Half Baked? Cannabis Legalization on 4-20-21

It’s the most wonderful time of the year: 4-20.  With the recent legalization of cannabis in New York and Virginia, as well as a push to decriminalize cannabis at the federal level thanks to the Marijuana Opportunity Reinvestment and Expungement (MORE) Act, cannabis advocates and consumers will have a lot to celebrate on Tuesday, April 20, 2021. 

On 4-20-21, people are bound to be lit as more states legalize the plant.  While it’s true many 4-20 celebrations remain online for a second year in a row due to the COVID-19 pandemic, there’s still plenty to fête.  Cannabis is big business: U.S. sales hit a record $17.5 billion in 2020.  Compare that to revenue for the NFL, which was a “meager” $12 billion. 

Eighteen states and the District of Columbia have now either voted or passed legislation to legalize adult-use recreational cannabis.  Colorado, a pioneer in fostering a recreationally safe and economically viable legalization framework, was the first back in 2012.  The percentage of Americans who now live in states that have championed full legalization is more than 40 percent.  Thirty-six states have legalized medical marijuana. 

However, cannabis remains illegal under U.S. federal law.   This despite a national sea change of opinion on the plant that has only accelerated due to the coronavirus pandemic.  What’s clear is that if you put the vote to the people, the people are going to legalize. 

There is a growing acknowledgment that the War on Drugs campaign has disproportionately targeted communities of color, criminalizing many for the sale and possession of the plant.   For example, in 2018, African Americans were arrested for marijuana possession at a rate 193% higher than whites despite research showing that blacks and whites use marijuana and other drugs at similar rates.  

By legalizing marijuana at the federal level, we can begin to right past wrongs of this country’s failed Drug War.  April 20 seems as good a time as any to rededicate our efforts to criminal justice reform as there is a direct, causal connection between the War on Drugs and racism.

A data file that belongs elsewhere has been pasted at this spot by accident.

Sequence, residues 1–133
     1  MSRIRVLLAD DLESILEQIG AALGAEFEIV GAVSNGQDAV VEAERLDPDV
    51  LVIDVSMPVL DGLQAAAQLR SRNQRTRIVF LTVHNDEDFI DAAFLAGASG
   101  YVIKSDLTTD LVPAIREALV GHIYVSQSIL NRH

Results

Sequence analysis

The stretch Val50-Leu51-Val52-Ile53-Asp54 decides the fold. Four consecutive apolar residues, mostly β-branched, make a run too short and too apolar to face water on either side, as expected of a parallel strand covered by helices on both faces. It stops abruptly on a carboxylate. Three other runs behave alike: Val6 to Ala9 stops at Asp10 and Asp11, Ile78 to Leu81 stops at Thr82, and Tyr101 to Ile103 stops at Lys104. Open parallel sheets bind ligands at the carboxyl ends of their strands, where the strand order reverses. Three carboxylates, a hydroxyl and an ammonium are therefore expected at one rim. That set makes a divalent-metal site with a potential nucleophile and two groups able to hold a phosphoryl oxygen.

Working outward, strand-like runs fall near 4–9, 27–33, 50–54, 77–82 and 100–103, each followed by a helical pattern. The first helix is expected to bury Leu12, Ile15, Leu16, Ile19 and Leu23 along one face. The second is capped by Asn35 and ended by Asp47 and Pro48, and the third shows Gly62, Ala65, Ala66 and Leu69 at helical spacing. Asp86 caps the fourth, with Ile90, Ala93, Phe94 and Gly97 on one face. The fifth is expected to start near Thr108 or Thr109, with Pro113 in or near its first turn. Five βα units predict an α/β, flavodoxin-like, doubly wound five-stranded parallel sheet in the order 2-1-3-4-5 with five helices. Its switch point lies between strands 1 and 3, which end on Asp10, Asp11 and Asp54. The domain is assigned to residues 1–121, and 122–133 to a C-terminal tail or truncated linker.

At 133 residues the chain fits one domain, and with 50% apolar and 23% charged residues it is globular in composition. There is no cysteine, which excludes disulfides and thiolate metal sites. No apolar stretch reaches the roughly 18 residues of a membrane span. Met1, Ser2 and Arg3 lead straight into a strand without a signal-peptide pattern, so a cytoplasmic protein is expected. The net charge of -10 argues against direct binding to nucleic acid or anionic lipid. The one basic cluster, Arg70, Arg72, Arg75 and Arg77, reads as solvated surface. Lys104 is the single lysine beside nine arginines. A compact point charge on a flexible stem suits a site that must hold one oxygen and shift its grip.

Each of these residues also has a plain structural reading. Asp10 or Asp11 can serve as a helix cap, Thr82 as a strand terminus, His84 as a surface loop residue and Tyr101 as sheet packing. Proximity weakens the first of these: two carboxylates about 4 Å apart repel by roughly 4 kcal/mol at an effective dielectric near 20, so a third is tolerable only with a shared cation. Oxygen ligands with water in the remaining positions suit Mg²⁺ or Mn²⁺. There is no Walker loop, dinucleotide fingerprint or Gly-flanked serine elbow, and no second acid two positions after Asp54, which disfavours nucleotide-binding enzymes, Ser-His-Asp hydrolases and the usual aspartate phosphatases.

But is legalization at the federal level a pipe dream?  Sure, Democrats control Congress and we have a Democrat taking up residence at 1600 Pennsylvania Avenue but President Joe Biden’s support of legalization is mixed, which, in reality, equates to a disjointed “joint” policy for the U.S. President Biden needs to bring the circus of disparate cannabis laws in for a landing or else surrender power to the Republican clowns who oppose legalization.  

As a California Senator, Kamala Harris supported cannabis legalization.  As Vice President, she tows the administration’s line of decriminalization but stops short of calling for full federal legalization.  President Biden hasn’t embraced full legalization but he has backed medical-use legalization, as well as decriminalization for possession.  

New Yorkers wait for no one.  Senate Majority Leader Chuck Schumer (D-NY) says he’s ready to move forward on federal marijuana reform.  Senator Schumer said he hopes President Biden’s views on cannabis legislation will evolve, but whether or not that happens, “at some point we’re going to move forward, period.”  Senator Schumer went so far as to suggest that he knows there are Republican senators who support removing cannabis from the Controlled Substances Act.  If you want something done, leave it to a New Yorker to do it. 

Let’s take stock of where we are as the states have already experimented with cannabis legalization.  Medical and recreational legalization of cannabis by the states has worked out remarkably well.  They have been successful from an economic, safety, health, and criminal justice reform standpoint.  The parade of deplorables and horribles that many anti-legalization folks put forth never materialized.   In fact, the opposite is true: Prohibiting the use, sale, and production of cannabis products is bad policy and untenable.  

On 4-20-21, I want you to break the mold and try something new.  Test a new cannabis-infused recipe.  Take an edibles cooking class (virtual or safely in-person).  Go to a spa specializing in CBD oils and treatments.  Binge-listen to your favorite cannabis podcast a.k.a. NewsMunchies with Ted Corless.  Shop small cannabis businesses and support your local community.  Many dispensaries and legal marijuana distributors are run as small businesses and by minority owners, and they offer deals and giveaways to celebrate the cannabis holiday.  Whether online or socially distanced/vaccinated, you can participate in 4-20 cannabis festivities.  The idea is to get out there and have a cannabis experience.